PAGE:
Here is a third view of Felix Hernandez at pretty much the same moment in time as the two above. Again notice that his PAS elbow is just below the level of his shoulders. In this photo, it looks like Hernandez is going to throw a change-up. The only thing that bothers me about this photo is that his forearm is pronated slightly, which may require him to supinate his forearm through the release point and increase the load on his UCL.
The photo above of Felix Hernandez is from just a moment later. Notice that his shoulders have only rotated slightly but his hips are now fairly open. I'd say his hips rotate roughly 60 degrees ahead of his shoulders. Again, notice that his GS toe points pretty much directly at the target. It does look like Felix Hernandez lands slightly closed and throws across his body somewhat.
The photo above of Felix Hernandez is from the same moment in time but from a slightly different angle. In it, you can see that his PAS elbow is just below the level of his shoulders.
The photo above of Felix Hernandez is from the same moment in time as the two photos above, but from the side. Again, notice how his hips are rotating well ahead of his shoulders and how his PAS elbow is just below the level of his shoulders.
In the photo above of Felix Hernandez, his shoulders have started turning and his PAS forearm is starting to bounce or lay back as his PAS upper arm externally rotates.
final photo of Felix Hernandez shows his just before
the Release Point. His elbow has extended 90 degrees
and his PAS upper arm is starting to internally
rotate. In the photo above, he looks like he is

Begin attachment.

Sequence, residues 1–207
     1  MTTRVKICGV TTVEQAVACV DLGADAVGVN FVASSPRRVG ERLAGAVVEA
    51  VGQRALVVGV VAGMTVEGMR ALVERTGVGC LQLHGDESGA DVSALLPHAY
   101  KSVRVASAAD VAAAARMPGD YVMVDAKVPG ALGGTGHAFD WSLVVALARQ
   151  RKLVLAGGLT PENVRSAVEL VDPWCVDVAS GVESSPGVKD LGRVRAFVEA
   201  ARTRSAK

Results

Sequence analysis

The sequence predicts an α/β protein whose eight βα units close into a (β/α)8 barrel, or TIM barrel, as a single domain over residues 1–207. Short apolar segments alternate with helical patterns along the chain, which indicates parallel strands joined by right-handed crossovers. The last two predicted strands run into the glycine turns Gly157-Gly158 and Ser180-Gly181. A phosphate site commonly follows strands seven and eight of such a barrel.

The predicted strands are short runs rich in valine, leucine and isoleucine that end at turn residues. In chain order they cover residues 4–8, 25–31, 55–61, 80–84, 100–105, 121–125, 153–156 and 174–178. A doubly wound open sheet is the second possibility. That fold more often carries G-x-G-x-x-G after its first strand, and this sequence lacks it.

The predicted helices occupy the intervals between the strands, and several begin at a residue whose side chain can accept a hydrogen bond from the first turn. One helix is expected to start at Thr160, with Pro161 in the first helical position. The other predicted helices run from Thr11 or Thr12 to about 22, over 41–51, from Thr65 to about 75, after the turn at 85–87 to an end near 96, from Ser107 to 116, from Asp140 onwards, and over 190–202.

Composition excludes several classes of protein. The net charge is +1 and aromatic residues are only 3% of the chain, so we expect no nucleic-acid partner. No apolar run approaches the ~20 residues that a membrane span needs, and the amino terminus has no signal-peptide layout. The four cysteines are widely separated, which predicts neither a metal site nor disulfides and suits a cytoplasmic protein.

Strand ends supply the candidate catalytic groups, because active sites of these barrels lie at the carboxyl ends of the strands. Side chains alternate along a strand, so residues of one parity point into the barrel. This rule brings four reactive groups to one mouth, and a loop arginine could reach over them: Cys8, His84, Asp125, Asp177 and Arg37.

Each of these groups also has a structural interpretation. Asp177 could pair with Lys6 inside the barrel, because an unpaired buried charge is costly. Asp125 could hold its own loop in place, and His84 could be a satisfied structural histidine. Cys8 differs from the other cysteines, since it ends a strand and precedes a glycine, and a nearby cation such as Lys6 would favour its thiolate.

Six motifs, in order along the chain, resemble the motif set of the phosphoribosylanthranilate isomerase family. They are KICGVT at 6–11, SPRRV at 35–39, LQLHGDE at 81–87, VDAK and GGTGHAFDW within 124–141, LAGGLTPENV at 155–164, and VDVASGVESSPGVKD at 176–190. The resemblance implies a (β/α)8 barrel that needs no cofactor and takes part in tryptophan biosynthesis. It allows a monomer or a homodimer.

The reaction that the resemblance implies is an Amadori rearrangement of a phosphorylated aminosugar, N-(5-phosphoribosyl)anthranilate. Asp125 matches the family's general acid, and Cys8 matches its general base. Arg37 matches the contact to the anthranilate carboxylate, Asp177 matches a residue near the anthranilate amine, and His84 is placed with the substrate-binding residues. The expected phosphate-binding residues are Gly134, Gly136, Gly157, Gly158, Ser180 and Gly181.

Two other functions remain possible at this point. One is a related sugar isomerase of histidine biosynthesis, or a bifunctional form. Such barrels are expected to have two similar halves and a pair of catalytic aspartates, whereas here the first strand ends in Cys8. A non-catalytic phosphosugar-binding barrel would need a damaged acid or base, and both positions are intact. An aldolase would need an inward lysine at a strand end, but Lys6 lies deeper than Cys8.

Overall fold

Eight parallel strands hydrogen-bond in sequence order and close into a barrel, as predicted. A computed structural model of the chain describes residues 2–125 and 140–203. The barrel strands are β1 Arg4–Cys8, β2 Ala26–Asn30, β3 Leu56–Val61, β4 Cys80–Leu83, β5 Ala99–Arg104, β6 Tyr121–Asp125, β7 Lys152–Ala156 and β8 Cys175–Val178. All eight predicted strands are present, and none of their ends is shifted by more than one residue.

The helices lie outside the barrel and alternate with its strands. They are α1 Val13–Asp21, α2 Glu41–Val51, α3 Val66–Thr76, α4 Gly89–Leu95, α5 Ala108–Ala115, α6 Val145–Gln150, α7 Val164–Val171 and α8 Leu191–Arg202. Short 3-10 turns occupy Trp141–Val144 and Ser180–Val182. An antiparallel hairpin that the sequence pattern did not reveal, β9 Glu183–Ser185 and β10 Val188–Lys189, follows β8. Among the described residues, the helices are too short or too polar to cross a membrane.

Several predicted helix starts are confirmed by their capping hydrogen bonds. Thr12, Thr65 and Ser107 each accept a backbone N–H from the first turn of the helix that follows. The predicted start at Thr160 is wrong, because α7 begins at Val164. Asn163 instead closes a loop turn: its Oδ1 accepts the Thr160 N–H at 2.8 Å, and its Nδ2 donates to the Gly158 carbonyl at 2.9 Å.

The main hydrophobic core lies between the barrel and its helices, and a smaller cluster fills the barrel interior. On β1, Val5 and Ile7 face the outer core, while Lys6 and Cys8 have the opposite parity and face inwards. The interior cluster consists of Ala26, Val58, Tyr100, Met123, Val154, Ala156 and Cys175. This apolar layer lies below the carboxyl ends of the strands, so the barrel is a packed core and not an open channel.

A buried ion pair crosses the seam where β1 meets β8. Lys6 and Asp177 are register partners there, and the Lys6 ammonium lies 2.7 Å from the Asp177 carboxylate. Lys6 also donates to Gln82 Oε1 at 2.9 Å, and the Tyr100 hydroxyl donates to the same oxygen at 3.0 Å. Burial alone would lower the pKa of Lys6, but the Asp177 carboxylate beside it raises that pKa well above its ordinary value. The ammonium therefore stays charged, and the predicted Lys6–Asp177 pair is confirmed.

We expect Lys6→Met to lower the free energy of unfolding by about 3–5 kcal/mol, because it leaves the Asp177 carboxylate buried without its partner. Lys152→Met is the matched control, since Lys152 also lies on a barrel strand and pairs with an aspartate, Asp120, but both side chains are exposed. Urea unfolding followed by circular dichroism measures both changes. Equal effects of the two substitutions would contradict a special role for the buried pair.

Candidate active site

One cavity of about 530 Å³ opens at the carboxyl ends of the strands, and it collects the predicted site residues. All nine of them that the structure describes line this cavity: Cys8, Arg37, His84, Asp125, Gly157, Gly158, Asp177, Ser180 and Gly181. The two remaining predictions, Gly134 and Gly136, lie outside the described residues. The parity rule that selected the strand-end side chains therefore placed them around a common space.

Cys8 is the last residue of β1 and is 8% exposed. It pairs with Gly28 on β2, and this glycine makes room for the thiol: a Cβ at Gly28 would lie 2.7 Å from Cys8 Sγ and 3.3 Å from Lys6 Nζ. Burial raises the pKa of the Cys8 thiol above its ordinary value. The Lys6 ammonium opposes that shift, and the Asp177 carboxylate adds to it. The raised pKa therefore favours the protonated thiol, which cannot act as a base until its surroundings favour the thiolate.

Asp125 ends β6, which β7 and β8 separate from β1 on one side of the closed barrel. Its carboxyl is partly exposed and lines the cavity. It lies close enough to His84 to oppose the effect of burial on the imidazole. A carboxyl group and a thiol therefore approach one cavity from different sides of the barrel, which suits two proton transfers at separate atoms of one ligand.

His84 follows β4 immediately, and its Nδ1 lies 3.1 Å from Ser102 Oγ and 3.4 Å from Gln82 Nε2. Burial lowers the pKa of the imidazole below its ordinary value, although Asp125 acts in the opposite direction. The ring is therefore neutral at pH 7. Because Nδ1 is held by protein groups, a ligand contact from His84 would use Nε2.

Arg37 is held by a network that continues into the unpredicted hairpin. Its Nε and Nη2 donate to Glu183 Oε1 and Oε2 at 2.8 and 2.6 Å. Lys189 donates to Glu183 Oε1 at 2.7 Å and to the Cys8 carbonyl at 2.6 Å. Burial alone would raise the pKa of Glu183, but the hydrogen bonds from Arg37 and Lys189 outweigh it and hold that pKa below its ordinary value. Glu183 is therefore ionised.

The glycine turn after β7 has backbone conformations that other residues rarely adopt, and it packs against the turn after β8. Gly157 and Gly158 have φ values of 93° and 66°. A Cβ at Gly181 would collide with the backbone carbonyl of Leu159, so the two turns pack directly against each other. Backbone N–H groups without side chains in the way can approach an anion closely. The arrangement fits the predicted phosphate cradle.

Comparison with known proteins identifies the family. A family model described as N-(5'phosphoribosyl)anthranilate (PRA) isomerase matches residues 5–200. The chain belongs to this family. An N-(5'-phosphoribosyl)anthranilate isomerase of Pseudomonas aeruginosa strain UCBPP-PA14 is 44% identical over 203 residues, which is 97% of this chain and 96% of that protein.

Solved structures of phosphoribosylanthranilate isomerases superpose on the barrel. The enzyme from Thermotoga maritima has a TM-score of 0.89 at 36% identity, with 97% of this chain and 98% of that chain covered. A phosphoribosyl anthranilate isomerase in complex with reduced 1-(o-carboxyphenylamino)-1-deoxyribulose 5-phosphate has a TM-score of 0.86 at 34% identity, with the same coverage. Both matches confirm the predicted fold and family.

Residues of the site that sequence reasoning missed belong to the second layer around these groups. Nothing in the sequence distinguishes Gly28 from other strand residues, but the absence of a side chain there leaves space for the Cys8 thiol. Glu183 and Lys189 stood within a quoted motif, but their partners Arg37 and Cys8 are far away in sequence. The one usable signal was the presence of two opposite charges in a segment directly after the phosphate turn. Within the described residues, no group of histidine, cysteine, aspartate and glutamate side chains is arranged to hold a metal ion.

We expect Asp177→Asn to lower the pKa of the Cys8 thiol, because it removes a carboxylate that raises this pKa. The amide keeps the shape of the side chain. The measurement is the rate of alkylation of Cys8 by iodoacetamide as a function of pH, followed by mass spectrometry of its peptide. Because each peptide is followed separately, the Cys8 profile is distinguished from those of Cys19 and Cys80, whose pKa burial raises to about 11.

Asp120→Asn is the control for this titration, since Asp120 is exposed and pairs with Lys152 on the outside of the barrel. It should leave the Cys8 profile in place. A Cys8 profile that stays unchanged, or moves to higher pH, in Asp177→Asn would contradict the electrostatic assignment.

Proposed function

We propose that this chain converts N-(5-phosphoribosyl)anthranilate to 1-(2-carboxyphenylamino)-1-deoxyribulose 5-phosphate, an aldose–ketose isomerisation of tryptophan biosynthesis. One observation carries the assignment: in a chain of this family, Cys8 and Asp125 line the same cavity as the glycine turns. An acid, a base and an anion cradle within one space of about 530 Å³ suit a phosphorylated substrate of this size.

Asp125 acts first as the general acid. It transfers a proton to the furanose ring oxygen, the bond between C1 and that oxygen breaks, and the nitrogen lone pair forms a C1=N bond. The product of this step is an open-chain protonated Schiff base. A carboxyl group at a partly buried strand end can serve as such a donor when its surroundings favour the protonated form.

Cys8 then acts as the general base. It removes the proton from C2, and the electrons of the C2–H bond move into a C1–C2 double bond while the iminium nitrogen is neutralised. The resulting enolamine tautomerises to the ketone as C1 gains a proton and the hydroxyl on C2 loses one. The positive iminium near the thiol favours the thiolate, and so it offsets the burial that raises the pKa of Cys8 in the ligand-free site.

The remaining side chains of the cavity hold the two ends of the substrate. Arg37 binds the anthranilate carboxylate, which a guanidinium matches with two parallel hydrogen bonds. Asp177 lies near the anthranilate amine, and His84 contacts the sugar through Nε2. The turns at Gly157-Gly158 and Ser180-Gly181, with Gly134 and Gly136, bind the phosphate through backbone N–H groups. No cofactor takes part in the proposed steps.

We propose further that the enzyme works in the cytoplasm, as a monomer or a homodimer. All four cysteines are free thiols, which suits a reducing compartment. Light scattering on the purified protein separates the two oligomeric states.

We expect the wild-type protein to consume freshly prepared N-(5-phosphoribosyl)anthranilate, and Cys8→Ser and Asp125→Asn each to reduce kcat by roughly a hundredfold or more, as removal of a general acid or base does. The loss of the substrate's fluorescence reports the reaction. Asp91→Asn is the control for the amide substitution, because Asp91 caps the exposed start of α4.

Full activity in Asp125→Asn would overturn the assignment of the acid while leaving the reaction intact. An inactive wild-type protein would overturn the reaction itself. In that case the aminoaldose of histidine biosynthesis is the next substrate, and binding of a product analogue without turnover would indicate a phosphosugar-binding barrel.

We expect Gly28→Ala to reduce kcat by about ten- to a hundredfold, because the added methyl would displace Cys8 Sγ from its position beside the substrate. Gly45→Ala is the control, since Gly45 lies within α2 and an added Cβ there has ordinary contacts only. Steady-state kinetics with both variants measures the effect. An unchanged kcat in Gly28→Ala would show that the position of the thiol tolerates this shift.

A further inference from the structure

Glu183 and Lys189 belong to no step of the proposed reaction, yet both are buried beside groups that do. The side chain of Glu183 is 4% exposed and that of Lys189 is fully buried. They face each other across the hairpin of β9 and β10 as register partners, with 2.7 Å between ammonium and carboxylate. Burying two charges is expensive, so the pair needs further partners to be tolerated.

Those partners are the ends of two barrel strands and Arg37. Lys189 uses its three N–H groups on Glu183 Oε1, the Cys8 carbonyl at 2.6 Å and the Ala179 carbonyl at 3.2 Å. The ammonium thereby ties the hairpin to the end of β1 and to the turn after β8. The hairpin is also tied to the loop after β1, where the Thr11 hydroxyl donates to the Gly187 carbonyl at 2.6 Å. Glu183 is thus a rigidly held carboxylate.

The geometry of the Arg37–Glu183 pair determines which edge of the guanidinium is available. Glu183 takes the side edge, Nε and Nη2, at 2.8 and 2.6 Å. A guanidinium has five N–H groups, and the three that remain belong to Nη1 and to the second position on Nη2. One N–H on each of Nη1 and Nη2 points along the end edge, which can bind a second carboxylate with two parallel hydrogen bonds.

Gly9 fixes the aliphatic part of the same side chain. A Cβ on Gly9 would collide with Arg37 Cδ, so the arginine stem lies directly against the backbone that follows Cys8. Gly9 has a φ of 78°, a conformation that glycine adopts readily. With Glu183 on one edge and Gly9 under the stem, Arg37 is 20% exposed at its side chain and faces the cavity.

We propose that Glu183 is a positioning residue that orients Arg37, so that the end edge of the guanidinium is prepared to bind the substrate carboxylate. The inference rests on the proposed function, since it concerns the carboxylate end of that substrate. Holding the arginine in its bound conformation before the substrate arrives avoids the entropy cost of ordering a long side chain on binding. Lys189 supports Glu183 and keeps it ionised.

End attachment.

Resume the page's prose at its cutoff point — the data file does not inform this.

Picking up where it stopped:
throwing a 2-Seamer.
Goodbye Mark Prior?
looks like Mark Prior's career (or at least this
phase of it) may be coming to an end. He's evidently
having (more) shoulder problems down in the minor
leagues. As I have said before, this is due to his
far from perfect mechanics.
A Tribute To Kurt Vonnegut
To mark the passing of Kurt Vonnegut, and to honor his memory, I wanted to point you to Harrison Bergeron, one of my favorite short stories.
Daisuke Matsuzaka's Pitching Mechanics
Everybody seems to be interested in Daisuke Matsuzaka's pitching mechanics. I recently found the sequence of photos below of Dice-K pitching that was shot from the front.
I thought that people would be interested if I broke this sequence down frame by frame and that it would be interesting to compare it to the breakdown that I did previously of the pitching motion and mechanics of Daisuke Matsuzaka.
Cause, Effect, and Pitching Velocity
it comes to pitching instruction, my nemesis is one
of the big name gurus named Paul Nyman. I have the
honor of being named his #1
Wannabe Baseball Instruction Guru.
I used to think that Paul had a basic understanding of how people throw the ball, but in a conversation in Steven Ellis' www.letstalkpitching.com discussion board, Paul said this to a poster on the board who was complaining about his low velocity...
The problem with this statement is that it makes it clear that Paul Nyman doesn't understand cause and effect when it comes to pitching velocity.
appears to believe that external rotation (which is
what Billy Wagner is exhibiting in the photo above)
is the CAUSE of velocity.
That is the equivalent of crediting the
tires with a car's velocity and ignoring the role of
that thing under the hood (aka the engine).
....so that the large muscles
of the lower torso powerfully pull the shoulders
around (which causes the external rotation).
this is off-topic, but I thought I should warn y'all
about a problem that I am having and that you should
be aware of.
As long as I'm going off-topic, I wanted to let you know about an article I just finished that describes my take on Rotational Hitting. I think that Rotational Hitting describes what the best hitters do, and it's what I teaching to all of the kids that I coach.
Chris Carpenter's Elbow
it when I'm right.